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Shanna Yox

on 13 July 2011

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Transcript of Looping

LOOPING Looping in Schools:
A Controverisal Issue Project by:
Emily Baker, Neeta Marwaha,
Kevin Perez, Elizabeth Vondrak,
and Shanna Yox Contemporary Philsophical Views of Education "It's so much easier for me to establish classroom expectations."

~April Schilb,
second grade teacher at Hillcrest Elementary School in East Moline, Illinois (1) "I have had some of my most rewarding teaching and learning experiences with these children."

~Deborah Jacoby,
teacher in Chicago, Illinois (1) "... learning began on Day one for the kids this year."

~Mel Chafetz,
principal of the Spaulding School
in Suffield, Connecticut (1) "The community we had established with the kids was just amazing."

~Melissa Fleischer,
instructional coach at
Bailey's Elementary School
in Falls Church, Virginia (2) Do these sound like happy teachers to you? Why are they so happy? In comes the controversy... You know it must be a big deal when
it makes the national news... Right? What is looping? According to the North Central Regional Educational Laboratory, looping is "an educational practice in which a single graded class of children stays with a teacher for two or more years or grade levels."

(4) Looping may also be referred to as...
Continuous Learning
Continuous Progress
Persisting Groups
Multi-Year Grouping
Teacher/Student Progression (1) Looping is NOT a new idea! Rudolf Steiner, an Austrian educator in the early 1900s, founded the Waldorf schools in Germany.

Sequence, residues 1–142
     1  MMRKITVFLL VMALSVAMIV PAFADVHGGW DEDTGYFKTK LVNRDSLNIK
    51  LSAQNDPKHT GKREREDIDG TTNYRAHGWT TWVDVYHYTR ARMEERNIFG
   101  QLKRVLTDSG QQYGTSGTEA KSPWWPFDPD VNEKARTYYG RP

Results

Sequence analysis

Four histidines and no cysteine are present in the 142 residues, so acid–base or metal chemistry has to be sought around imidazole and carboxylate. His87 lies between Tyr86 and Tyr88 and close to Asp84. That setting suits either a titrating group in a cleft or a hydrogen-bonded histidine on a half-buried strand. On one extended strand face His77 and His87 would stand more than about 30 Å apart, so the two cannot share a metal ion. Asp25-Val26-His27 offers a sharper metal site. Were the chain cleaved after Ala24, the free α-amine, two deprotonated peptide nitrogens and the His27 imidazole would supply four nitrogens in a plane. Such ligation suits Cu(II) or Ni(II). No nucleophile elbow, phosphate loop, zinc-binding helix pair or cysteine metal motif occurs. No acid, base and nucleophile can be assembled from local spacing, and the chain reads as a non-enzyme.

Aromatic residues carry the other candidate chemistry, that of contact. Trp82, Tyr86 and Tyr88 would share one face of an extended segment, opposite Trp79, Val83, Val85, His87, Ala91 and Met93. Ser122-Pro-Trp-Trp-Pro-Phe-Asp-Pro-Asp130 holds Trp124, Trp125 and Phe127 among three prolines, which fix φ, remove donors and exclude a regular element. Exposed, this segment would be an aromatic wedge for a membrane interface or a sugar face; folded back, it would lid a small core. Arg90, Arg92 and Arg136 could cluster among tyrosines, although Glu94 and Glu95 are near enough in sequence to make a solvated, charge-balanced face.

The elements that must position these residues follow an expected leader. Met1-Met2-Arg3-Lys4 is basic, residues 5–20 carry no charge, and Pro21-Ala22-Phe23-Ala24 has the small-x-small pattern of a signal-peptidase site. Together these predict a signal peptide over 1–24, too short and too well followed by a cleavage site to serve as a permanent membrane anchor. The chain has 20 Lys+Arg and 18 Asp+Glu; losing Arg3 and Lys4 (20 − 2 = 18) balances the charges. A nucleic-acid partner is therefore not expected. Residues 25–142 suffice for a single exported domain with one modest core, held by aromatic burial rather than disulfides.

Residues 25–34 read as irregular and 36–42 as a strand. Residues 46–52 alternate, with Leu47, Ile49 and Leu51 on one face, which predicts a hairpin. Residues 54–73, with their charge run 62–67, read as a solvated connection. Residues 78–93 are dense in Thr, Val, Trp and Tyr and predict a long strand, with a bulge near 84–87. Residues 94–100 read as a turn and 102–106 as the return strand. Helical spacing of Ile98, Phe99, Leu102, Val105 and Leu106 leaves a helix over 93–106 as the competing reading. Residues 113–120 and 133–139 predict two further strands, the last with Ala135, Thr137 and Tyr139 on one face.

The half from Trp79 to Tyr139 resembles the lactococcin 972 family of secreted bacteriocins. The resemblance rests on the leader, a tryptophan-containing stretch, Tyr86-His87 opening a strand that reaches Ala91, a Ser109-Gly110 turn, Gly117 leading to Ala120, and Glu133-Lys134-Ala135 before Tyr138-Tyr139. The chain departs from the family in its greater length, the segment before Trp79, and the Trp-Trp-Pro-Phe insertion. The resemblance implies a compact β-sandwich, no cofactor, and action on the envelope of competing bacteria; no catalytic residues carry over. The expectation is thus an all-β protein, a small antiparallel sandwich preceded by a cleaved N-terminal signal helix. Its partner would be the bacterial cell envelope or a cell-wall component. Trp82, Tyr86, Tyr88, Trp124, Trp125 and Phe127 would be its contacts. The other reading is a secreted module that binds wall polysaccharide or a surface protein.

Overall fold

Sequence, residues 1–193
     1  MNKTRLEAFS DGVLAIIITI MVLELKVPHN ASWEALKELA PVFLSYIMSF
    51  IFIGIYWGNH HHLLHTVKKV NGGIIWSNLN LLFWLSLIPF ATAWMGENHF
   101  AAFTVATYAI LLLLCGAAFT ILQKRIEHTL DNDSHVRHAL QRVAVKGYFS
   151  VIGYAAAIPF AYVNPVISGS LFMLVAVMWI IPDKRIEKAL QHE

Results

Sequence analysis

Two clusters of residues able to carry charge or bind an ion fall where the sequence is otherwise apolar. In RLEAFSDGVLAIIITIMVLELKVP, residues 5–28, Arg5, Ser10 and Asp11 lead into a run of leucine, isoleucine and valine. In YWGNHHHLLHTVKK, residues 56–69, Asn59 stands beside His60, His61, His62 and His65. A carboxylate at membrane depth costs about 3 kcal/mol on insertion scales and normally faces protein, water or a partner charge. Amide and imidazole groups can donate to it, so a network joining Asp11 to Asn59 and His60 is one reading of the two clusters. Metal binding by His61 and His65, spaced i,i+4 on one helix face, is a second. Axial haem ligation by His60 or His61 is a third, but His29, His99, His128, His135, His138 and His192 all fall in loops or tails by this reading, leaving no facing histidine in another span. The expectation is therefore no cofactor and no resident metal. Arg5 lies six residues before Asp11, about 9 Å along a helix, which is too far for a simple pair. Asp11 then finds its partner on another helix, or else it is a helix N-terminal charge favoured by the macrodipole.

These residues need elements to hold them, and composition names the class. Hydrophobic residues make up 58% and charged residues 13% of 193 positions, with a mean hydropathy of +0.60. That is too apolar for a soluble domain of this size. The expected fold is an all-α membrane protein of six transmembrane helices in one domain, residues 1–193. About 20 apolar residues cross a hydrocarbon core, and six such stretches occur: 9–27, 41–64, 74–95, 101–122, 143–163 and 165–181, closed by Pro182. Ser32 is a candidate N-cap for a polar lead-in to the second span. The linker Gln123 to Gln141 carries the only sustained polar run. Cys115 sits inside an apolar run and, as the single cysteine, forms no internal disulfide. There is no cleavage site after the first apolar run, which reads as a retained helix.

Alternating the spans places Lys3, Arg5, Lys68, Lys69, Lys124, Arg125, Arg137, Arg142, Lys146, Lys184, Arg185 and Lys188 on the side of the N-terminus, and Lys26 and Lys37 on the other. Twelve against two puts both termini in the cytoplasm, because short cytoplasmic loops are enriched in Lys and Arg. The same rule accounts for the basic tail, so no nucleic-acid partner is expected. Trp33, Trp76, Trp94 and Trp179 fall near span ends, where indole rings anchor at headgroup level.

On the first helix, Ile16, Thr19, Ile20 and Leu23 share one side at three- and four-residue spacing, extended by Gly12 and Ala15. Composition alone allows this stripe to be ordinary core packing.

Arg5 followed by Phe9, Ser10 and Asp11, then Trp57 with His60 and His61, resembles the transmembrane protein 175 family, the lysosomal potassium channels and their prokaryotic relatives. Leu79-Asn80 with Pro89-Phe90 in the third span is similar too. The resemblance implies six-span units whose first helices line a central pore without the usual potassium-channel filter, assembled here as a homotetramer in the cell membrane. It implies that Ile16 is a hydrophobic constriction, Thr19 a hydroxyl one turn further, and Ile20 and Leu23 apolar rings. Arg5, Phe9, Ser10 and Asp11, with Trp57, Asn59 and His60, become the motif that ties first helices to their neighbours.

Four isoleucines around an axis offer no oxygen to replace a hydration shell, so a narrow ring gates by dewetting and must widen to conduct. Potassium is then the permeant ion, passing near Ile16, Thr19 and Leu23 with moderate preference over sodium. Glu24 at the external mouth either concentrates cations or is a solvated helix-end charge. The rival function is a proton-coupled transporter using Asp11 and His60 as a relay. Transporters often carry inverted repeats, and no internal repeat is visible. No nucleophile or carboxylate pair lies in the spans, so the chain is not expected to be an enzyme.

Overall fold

He believed that long-term relationships with teachers benefited a child's education, so Waldorf teachers stayed with their students from first through eighth grade. (1) A new fad in education??? References:

1. The Northeast and Islands Regional Educational. Looping: Supporting Student Learning Through Long-Term Relationships. Brochure. Providence, RI: Author, 1997. 28 June 2011 <http://www.alliance.brown.edu/pubs/ic/looping/looping.pdf>.

2. Moses, Alexandra R. "The Pros and Cons of Looping." Scholastic.com. Oct. 2006. 28 June 2011 <http://www2.scholastic.com/browse/article.jsp?id=7635>.

3. Morales, Tatiana. "New School Year, Same Teacher - CBS News." Cbsnews.com. 11 Feb. 2009. 28 June 2011 <http://www.cbsnews.com/stories/2005/10/06/earlyshow/living/studyhall/main918435.shtml>.

4. "Looping." Ncrel.org. North Central Regional Educational Laboratory. 28 June 2011 <http://www.ncrel.org/sdrs/areas/issues/methods/instrctn/in5lk10.htm>.

5. "Research Brief: Looping." The Principal's Partnership. Union Pacific Foundation. Web. 30 June 2011. <http://oemanagement.com/data/_files/looping.pdf>.

6. "Looping." National Middle School Association. Nov. 2009. Web. 30 June 2011. <http://www.nmsa.org/research/researchsummaries/looping/tabid/2090/default.aspx>. (3) Most schools in Germany still keep teachers and students together from first through fourth grade. (1) still Pros of Looping In 1913, the following question was asked of the U.S. Department of Education: "Shall teachers in graded city schools be advanced from